Place 2 Tablespoons of bottled lemon juice in the bottom of each quart jar. Ladle spaghetti sauce into jars, leaving 1 inch headspace. Wipe tops and attach lids and bands. Place in water bath for 35 minutes. Be sure to adjust the bath time if you live at higher altitudes. The spaghetti sauce can also be frozen using the appropriate containers.

Roma Tomatoes
Basil, Oregano, and Italian Parsley
Boil for 2 minutes
Ice Bath
Compost the Peels

Herb Infused Spaghetti Sauce Recipe Card

Makes 8 Quarts
Ingredients
24 pounds Roma tomatoes                             2 cups fresh basil leaves, finely chopped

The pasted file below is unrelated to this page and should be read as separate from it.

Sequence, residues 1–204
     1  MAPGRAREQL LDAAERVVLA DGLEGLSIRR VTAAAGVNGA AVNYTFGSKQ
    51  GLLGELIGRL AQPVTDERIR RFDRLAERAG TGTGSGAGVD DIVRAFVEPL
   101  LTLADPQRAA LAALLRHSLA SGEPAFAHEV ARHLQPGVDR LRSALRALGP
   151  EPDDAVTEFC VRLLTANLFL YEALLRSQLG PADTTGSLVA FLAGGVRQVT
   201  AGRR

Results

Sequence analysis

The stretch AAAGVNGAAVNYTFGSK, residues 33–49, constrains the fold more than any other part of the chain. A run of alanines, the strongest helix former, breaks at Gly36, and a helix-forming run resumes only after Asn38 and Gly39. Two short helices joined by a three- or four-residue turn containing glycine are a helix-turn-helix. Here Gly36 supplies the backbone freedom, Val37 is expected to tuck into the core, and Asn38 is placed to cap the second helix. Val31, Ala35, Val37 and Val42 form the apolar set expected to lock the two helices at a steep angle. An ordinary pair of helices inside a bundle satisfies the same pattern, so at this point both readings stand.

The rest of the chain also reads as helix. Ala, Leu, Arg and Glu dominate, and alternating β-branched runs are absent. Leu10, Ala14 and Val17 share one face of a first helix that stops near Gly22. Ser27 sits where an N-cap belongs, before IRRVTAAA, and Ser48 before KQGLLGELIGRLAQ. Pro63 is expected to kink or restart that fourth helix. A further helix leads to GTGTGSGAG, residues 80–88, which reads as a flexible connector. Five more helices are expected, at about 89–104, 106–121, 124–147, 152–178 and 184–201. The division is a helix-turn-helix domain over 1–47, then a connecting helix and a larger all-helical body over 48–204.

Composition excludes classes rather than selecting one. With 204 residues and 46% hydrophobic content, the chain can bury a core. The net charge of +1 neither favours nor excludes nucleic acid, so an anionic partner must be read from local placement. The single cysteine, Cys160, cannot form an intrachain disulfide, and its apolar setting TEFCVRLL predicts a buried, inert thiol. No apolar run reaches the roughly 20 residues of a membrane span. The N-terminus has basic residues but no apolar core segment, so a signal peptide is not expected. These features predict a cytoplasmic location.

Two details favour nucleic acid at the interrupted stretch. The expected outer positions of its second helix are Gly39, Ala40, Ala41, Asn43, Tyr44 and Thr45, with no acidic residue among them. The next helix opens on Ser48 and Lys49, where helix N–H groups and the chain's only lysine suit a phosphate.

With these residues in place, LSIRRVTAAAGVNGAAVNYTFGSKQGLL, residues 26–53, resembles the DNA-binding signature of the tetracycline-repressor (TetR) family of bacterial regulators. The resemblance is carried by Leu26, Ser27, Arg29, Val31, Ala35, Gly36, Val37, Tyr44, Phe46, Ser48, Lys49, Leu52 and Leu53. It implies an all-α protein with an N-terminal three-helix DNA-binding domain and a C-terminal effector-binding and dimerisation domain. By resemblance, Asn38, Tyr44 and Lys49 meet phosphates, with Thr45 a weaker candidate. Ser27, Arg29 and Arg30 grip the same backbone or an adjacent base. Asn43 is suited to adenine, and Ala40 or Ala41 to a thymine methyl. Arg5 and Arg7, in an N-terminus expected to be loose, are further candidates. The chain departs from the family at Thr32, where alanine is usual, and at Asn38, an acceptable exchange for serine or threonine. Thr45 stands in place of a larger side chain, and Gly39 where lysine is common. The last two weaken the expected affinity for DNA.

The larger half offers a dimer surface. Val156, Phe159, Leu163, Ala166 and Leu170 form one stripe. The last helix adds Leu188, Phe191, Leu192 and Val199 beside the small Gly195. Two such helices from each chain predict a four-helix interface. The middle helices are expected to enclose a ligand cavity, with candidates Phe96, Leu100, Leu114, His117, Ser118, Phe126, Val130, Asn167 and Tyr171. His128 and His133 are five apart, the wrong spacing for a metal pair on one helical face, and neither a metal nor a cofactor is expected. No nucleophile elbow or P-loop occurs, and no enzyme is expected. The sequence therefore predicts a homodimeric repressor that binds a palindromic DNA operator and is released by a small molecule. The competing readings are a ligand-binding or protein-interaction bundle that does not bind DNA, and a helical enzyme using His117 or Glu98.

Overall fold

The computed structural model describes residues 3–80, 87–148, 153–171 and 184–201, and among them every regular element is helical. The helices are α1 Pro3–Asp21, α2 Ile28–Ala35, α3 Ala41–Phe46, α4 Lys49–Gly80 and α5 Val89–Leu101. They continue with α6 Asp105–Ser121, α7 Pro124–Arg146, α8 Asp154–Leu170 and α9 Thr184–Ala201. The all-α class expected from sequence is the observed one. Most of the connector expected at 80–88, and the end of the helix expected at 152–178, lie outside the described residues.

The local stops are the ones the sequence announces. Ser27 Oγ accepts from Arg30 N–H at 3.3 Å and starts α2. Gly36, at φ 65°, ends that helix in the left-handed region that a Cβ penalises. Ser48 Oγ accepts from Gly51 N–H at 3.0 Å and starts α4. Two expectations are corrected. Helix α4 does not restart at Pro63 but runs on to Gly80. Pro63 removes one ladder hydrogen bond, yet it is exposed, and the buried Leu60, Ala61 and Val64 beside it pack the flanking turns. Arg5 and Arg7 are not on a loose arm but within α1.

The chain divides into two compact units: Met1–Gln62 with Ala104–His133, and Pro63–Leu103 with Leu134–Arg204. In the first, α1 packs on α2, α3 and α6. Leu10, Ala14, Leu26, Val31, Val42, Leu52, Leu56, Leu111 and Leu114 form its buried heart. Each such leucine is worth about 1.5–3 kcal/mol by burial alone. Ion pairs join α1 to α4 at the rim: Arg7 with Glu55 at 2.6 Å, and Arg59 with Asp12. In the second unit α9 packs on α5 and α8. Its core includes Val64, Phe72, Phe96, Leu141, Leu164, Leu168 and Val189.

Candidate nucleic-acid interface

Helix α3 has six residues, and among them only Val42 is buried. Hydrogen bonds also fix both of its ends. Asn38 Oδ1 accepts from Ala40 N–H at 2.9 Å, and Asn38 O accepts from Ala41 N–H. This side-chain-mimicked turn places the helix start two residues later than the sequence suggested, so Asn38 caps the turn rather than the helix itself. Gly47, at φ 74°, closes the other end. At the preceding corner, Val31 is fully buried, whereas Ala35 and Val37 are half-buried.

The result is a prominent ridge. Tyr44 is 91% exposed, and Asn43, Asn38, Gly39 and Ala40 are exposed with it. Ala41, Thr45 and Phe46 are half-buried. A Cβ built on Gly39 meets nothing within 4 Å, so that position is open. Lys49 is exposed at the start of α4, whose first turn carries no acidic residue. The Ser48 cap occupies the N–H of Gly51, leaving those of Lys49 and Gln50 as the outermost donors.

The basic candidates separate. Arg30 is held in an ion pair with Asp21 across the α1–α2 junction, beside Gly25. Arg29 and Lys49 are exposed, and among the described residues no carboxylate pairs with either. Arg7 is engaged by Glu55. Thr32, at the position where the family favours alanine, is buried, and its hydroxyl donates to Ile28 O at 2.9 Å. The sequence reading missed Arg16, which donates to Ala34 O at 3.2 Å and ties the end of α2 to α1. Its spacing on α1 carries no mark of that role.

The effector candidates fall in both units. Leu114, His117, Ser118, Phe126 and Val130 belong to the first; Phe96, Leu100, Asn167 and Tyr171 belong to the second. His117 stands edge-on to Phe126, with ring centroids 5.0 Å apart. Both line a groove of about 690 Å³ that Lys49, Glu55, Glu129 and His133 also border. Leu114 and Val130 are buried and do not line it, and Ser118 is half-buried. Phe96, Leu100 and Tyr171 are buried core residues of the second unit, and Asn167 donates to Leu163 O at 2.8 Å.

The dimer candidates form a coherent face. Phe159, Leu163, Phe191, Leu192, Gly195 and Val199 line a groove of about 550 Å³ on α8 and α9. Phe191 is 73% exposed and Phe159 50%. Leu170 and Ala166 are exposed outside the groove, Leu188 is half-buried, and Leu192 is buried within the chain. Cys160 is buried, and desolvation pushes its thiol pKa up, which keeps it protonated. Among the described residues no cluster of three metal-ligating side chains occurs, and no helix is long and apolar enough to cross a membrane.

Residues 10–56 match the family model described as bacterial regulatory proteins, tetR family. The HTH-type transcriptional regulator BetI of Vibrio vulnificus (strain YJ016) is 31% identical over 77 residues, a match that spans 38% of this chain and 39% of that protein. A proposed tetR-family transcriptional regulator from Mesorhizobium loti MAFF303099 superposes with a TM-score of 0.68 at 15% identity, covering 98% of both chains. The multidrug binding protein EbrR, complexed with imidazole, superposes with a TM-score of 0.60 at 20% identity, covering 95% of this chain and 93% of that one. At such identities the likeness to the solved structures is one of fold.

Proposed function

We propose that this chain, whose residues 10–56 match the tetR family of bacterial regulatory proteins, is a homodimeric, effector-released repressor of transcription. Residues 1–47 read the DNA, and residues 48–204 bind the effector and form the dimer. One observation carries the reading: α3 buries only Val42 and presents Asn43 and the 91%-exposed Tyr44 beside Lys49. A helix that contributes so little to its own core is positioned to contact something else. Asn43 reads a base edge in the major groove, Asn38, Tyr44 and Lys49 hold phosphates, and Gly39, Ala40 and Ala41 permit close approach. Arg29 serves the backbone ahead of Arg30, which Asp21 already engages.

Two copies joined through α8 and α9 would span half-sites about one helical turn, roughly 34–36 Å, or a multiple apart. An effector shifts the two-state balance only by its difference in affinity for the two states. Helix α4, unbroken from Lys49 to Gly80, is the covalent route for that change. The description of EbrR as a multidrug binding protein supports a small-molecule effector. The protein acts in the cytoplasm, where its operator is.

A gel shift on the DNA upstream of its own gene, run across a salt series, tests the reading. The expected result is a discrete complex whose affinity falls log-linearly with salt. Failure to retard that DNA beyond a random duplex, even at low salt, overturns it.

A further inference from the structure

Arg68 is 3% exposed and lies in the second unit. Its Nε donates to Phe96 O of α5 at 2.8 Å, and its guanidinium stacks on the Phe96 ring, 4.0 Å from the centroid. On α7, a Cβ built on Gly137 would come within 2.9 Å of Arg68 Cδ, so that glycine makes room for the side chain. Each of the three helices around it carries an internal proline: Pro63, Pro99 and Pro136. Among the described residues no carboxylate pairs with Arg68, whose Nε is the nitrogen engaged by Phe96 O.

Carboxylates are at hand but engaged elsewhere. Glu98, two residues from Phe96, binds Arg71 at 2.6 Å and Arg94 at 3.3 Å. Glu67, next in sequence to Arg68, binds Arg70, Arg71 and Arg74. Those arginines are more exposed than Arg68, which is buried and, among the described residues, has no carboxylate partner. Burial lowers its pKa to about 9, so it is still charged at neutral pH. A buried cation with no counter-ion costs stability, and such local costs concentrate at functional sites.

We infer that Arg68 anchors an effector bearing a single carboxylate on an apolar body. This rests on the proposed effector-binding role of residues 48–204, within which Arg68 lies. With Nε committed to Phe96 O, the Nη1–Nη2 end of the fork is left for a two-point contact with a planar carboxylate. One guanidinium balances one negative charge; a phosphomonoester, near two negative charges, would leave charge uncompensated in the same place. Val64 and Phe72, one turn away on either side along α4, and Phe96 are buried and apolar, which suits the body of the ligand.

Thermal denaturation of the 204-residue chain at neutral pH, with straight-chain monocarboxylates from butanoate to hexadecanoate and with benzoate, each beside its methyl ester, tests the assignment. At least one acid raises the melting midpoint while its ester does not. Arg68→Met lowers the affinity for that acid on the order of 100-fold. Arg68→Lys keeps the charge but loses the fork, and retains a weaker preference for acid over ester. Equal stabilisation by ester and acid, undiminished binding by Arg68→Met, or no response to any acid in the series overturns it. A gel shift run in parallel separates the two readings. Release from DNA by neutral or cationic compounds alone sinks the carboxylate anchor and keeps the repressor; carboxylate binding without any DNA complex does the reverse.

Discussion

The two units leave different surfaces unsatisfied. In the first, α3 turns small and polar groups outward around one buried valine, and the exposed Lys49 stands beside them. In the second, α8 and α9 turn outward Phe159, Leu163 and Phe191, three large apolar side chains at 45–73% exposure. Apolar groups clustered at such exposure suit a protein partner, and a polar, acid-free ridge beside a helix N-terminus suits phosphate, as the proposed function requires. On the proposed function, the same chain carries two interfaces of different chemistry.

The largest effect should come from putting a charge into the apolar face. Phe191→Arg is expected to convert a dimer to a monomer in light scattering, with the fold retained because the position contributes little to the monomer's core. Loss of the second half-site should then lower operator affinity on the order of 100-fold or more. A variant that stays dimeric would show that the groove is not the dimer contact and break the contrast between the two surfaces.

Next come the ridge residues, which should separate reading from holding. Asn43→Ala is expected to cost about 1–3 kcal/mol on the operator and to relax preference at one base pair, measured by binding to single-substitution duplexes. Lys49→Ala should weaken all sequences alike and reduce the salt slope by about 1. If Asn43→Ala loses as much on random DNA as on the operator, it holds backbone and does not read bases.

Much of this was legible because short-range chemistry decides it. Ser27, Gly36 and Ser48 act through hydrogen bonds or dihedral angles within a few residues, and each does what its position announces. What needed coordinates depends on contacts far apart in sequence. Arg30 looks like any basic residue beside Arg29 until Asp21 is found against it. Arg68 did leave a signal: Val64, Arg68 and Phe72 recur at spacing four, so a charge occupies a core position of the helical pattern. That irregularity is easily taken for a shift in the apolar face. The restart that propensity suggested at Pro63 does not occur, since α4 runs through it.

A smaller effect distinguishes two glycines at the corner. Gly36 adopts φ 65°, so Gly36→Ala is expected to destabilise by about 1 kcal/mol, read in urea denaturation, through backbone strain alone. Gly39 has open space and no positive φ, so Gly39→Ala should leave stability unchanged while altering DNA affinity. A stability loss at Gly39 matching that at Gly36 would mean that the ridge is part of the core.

6 Tablespoons brown sugar                            1 cup fresh Italian parsley, finely chopped
2 Tablespoons salt                                            1 cup fresh oregano, finely chopped
2 Tablespoons balsamic vinegar                    16 Tablespoons bottled lemon juice
½ Teaspoon fresh ground pepper
Directions
You will need 2 large stockpots for cooking spaghetti sauce. Also, a small pot of boiling water to prepare tomatoes for peeling. First, boil tomatoes for 2 minutes then plunge into ice bowl. Next, peel tomatoes and then chop using a food processor or blender. Add next four ingredients and then bring to a boil. Reduce heat and simmer for 90 minutes. Add herbs in the last 5 minutes of cooking. After reaching desired consistency, place lemon juice in bottom of each quart jar. Finally, ladle sauce into each jar and process in water bath for 35 minutes.

ALL-TIME FAVORITE COOKBOOK

\"\"The Fannie Farmer Cookbook